Monday, September 26, 2011

Star Trek (2011) #1

Confidence is a trait James Kirk never seemed to lack in Star Trek's recent film reboot, but for that quality to truly manifest itself into something meaningful, it requires the respect and loyalty of one's peers. That's something we never had a chance to see in play during the squad's first adventure, as Kirk spent the entire tale proving his worth and, ultimately, staking a claim to the captain's chair. When we rejoin the cast in this month's Star Trek #1, and presumably in the forthcoming sequel, Kirk has already completed his transition from ragged potential leader to proven, venerable commander.

In some respects that's a good thing; leaving the origin chapter behind can only open new doors to adventure. Eventually the core group members have to embrace their responsibilities and push forward as a bright, versatile young unit. However, it also runs plenty of risks, some of which aren't so deftly avoided in this very issue. When Kirk, Spock and Bones step away from the bridge to discuss a sudden threat to the Enterprise, for example, the conversation could just as easily have come from the mouths of Shatner, Nimoy and Kelley as their fresh-faced counterparts. They've already slid too easily into the static, classical roles associated with each character, and the last thing the fledgling crew should be doing at this point is getting too comfortable on the bridge. After all, what's the point of taking a new direction if it's just going to wind up in exactly the same place as before?

I suppose it's inevitable that some amount of revisitation is in order for such a long running, well-regarded series. The plot of this month's issue, notably, is lifted almost directly from an episode of The Next Generation. What's to stop the movie franchise from going a similar route and resurrecting Khan in the near future? And who's to say they'd be wrong to do so? My concern is that too much reverence is paid to the original tales at the cost of ingenuity and fresh thinking. It's a very thin line between the two, but I left this issue with the impression that it wound up standing on the wrong side. Excessive familiarity does breed contempt, after all.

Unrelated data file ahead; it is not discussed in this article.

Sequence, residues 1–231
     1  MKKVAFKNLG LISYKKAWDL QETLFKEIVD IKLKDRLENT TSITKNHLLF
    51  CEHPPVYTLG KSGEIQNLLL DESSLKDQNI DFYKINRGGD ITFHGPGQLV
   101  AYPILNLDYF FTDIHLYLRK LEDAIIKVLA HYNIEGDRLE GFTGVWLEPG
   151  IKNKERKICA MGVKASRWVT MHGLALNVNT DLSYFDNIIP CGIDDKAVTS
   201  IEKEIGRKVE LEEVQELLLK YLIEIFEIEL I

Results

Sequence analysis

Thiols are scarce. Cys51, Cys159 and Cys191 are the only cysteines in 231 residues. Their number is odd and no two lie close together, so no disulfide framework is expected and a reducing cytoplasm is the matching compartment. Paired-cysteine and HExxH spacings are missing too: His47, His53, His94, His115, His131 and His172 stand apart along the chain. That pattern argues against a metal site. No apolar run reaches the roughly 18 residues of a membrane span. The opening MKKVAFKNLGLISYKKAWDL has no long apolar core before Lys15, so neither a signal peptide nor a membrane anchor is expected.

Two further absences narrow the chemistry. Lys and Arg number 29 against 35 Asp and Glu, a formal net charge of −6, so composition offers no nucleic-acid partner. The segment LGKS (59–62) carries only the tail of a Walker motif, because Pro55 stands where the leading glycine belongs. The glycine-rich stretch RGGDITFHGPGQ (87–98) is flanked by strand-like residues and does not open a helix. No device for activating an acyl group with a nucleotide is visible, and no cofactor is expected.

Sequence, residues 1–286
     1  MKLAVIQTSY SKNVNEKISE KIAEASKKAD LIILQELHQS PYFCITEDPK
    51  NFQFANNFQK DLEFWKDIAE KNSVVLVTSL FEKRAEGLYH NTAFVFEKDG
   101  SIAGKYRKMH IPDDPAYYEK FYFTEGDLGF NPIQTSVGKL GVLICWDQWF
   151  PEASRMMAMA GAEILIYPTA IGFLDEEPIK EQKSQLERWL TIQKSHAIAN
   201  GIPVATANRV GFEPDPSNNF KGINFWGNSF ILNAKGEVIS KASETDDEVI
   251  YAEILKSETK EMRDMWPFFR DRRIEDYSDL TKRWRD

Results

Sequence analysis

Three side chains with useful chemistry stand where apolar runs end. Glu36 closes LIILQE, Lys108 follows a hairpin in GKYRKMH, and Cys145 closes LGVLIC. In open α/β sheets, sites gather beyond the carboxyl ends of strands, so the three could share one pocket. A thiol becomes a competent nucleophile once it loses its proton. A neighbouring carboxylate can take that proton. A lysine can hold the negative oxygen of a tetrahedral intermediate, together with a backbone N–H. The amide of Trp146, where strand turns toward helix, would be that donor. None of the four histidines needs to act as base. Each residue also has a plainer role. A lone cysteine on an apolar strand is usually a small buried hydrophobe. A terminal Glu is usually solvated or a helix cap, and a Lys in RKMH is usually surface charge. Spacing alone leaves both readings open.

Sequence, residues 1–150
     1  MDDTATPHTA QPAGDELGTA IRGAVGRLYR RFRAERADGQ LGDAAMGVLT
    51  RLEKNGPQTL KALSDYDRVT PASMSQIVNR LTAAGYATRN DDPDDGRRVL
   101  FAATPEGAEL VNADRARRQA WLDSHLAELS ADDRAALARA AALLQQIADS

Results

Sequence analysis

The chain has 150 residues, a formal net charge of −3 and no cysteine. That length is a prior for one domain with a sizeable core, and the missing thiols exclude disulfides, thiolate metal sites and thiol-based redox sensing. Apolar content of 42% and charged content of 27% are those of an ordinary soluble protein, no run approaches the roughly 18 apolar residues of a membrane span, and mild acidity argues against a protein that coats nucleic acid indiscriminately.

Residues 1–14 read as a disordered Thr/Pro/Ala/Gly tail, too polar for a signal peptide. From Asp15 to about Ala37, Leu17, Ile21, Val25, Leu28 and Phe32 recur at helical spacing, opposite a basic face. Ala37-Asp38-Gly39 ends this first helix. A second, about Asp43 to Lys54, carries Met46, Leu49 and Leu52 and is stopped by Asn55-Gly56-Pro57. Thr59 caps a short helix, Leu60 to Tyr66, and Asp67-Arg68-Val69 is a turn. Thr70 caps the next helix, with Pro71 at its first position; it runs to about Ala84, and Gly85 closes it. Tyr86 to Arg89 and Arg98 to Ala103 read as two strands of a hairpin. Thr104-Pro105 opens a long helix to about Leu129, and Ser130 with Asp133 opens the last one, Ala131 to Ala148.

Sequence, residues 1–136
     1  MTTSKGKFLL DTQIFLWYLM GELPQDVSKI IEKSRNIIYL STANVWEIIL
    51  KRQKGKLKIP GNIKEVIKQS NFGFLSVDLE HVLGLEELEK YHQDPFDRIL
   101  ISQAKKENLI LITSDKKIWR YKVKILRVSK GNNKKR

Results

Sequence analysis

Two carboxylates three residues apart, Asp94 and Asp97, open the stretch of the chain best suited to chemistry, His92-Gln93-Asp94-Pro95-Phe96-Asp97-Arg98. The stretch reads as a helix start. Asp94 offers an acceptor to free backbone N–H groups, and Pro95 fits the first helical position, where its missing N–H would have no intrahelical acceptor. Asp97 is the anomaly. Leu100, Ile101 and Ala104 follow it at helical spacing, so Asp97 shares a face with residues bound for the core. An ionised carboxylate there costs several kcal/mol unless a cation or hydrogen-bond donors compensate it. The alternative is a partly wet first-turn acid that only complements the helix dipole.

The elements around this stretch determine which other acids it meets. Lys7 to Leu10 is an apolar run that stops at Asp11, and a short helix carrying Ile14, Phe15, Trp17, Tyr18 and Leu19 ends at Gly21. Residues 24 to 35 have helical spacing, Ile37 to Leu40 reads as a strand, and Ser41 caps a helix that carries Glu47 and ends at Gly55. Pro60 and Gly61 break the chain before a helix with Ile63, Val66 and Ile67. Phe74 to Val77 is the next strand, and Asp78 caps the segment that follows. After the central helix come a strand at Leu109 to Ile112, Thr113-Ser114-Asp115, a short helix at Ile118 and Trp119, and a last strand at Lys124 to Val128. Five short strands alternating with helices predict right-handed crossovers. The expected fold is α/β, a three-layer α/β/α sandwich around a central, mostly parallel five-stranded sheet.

Fortunately, the artwork doesn't subscribe to quite the same mantra as the storytelling. Stephen Molnar's linework is loose and playful, more concerned with gesture and character than rigid technical proficiency. Though he does occasionally tread a bit too near the uncanny valley in some of his interpretations of the actors behind each role, those transgressions are usually tempered by a crisp, clean environment and a quick return to form in the next panel. Molnar doesn't get much liberty to light up the page in this bookful of board rooms and staff meetings, but he does manage to keep things fresh and interesting all the same.

Sadly, as slightly more than a passing fan of the Trek mythos myself, I found the new troupe's debut issue redundant and actionless, a safe reinterpretation of a classic story that never manages to shift out of first gear. Though forthcoming issues may promise more in the way of exploration and extraterrestrial encounters, the tone that's been set in this initial adventure is a long ways from reaching the potential set by its celluloid predecessor. Die-hard Trekkies might enjoy it as an appetizer for things yet to come, but even they will find plenty of minor ticks and glitches to pick away at. Flip through it.

On a scale of 1 to 10, where 1 is poor and 10 is amazing...
Overall Score: 4

No comments: